Which Protocol is used on the Internet for Communication between Autonomous Systems?


The Border Gateway Protocol is used for Communication between Autonomous Systems on the Internet. It allows the transformation of the information by routing it over multiple networks. As technology is growing very fast like 5G technology, It helps in directing the data flow across the Internet.

The Border Gateway Protocol (BGP) is fundamental in the Internet ecosystem, responsible for facilitating communication between Autonomous Systems (ASes). This article will delve into the workings, significance, and evolution of BGP, providing a comprehensive understanding of its role in maintaining the global connectivity of the internet. In addition to the previous article, this extended version will explore BGP’s work in greater detail and discuss other relevant aspects of the protocol.

1. Background and Significance of BGP

Developed in the late 1980s, BGP emerged as the successor to the Exterior Gateway Protocol (EGP). Its primary purpose was to replace EGP’s limited functionality with a more advanced and efficient routing protocol, capable of handling the growing complexity of the internet. Today, BGP is the de facto protocol for inter-AS communication, ensuring the seamless exchange of data packets across the globe.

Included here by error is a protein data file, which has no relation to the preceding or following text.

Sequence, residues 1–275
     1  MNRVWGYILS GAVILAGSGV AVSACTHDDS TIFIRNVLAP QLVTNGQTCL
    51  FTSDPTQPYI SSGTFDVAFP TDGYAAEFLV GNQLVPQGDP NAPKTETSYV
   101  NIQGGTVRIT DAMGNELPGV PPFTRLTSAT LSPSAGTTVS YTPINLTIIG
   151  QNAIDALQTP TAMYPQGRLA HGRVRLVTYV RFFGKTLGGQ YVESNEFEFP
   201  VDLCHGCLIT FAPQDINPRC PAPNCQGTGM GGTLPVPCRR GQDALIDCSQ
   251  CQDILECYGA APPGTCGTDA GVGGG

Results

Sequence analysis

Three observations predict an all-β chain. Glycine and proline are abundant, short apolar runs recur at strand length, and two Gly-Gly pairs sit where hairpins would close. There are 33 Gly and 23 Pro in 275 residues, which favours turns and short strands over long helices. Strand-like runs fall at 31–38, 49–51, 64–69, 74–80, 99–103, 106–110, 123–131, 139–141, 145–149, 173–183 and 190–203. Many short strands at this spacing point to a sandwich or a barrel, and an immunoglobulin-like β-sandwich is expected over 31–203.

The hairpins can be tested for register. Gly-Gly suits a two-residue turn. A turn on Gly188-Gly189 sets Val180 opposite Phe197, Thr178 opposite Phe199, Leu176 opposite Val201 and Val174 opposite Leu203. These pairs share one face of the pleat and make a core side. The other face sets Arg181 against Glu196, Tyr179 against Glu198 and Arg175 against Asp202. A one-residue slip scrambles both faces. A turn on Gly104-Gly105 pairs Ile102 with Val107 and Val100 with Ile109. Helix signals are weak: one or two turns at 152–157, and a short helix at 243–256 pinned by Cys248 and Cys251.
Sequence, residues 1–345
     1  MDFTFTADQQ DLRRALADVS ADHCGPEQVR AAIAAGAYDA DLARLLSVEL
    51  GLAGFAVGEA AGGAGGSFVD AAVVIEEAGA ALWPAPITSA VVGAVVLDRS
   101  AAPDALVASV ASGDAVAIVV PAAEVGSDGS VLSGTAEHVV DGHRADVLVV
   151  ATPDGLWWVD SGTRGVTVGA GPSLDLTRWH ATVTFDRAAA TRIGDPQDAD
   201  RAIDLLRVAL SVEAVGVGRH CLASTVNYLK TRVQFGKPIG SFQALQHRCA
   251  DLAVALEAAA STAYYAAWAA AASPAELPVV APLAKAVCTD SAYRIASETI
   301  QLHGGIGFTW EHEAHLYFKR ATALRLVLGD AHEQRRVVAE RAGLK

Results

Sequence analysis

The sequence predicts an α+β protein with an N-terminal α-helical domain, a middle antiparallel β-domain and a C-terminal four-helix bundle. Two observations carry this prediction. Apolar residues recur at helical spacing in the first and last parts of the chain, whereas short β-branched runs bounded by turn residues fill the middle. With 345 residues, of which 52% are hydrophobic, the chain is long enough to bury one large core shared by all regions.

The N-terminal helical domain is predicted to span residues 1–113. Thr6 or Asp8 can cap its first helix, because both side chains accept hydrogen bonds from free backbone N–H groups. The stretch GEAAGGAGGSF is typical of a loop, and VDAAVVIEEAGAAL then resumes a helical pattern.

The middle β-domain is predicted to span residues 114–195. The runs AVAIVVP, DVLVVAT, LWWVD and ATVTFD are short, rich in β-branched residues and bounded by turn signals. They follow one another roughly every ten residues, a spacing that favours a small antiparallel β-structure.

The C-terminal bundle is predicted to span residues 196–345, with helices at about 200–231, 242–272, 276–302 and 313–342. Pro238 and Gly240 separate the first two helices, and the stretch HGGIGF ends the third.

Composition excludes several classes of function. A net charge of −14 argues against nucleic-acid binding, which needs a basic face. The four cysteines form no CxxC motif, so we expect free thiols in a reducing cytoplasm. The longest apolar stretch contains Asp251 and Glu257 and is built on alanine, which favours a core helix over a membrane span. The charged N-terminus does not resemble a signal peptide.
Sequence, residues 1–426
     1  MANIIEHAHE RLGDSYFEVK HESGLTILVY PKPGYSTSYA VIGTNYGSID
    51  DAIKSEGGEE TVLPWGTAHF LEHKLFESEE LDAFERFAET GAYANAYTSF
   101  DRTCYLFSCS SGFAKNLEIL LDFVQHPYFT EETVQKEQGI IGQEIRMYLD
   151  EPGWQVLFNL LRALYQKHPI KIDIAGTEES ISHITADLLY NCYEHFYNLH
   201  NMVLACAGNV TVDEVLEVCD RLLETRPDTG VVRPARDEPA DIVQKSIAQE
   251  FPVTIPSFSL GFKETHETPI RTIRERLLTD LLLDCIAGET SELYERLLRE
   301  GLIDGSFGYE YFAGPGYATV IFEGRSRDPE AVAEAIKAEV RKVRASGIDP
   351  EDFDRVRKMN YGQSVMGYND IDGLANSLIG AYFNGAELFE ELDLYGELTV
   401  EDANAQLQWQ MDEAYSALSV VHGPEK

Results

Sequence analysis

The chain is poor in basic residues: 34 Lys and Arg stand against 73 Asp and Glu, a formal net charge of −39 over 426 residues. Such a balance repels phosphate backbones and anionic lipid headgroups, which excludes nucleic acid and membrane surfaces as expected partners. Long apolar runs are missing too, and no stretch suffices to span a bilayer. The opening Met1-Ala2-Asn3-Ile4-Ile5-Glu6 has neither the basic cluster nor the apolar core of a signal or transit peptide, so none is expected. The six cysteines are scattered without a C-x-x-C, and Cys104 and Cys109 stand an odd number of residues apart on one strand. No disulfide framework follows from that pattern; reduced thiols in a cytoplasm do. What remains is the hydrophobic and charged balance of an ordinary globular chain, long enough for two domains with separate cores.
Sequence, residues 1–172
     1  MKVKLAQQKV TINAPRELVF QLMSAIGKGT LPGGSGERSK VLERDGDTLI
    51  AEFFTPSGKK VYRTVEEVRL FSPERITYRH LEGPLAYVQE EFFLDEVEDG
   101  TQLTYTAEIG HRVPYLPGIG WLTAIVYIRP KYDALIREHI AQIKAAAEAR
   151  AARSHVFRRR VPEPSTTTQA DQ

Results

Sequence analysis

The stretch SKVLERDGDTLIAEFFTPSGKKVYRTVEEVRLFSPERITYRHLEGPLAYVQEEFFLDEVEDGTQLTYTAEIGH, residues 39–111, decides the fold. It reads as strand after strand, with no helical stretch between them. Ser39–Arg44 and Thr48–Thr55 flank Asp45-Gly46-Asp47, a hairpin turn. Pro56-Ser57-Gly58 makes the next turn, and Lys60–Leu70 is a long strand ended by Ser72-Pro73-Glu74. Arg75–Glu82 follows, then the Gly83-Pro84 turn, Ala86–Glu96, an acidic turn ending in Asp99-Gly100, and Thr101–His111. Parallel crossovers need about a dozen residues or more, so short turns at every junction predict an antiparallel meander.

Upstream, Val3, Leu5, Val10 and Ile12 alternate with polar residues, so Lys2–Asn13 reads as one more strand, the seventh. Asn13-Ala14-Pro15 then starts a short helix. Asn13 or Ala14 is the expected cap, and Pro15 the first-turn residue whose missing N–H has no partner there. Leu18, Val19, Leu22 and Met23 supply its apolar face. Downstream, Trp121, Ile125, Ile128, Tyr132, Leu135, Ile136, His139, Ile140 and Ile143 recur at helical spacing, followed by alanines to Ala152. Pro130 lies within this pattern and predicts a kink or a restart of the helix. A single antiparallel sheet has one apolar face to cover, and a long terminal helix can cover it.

2. BGP Operation and Functionality

Border Gateway Protocol (BGP)

BGP operates on Transmission Control Protocol (TCP) port 179, utilizing path vectors to determine the optimal route between ASes. It is responsible for maintaining the global routing table, which contains the paths that data packets take to reach their destinations across the internet.

Some key aspects of BGP’s functionality include:

Routing Information Exchange